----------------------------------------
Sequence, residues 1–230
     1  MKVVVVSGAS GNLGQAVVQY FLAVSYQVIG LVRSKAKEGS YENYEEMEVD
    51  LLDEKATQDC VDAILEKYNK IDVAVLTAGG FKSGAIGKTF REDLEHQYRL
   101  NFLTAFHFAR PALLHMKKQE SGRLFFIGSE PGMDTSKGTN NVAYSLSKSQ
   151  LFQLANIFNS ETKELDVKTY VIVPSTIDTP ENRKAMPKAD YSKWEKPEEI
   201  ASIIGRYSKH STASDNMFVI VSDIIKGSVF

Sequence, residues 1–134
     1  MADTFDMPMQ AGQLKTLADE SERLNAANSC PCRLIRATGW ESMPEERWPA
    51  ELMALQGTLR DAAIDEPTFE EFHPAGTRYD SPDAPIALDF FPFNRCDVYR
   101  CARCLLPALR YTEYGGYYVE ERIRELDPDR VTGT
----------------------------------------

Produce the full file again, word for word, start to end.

Sequence, residues 1–230
     1  MKVVVVSGAS GNLGQAVVQY FLAVSYQVIG LVRSKAKEGS YENYEEMEVD
    51  LLDEKATQDC VDAILEKYNK IDVAVLTAGG FKSGAIGKTF REDLEHQYRL
   101  NFLTAFHFAR PALLHMKKQE SGRLFFIGSE PGMDTSKGTN NVAYSLSKSQ
   151  LFQLANIFNS ETKELDVKTY VIVPSTIDTP ENRKAMPKAD YSKWEKPEEI
   201  ASIIGRYSKH STASDNMFVI VSDIIKGSVF

Sequence, residues 1–134
     1  MADTFDMPMQ AGQLKTLADE SERLNAANSC PCRLIRATGW ESMPEERWPA
    51  ELMALQGTLR DAAIDEPTFE EFHPAGTRYD SPDAPIALDF FPFNRCDVYR
   101  CARCLLPALR YTEYGGYYVE ERIRELDPDR VTGT